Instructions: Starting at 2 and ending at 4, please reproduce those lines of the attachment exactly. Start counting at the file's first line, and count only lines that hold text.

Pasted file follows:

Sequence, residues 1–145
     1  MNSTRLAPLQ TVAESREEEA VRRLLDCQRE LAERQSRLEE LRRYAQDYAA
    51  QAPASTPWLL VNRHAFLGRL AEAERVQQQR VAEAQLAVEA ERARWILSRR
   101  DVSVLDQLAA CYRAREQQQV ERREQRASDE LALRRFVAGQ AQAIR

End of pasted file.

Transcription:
     1  MNSTRLAPLQ TVAESREEEA VRRLLDCQRE LAERQSRLEE LRRYAQDYAA
    51  QAPASTPWLL VNRHAFLGRL AEAERVQQQR VAEAQLAVEA ERARWILSRR
   101  DVSVLDQLAA CYRAREQQQV ERREQRASDE LALRRFVAGQ AQAIR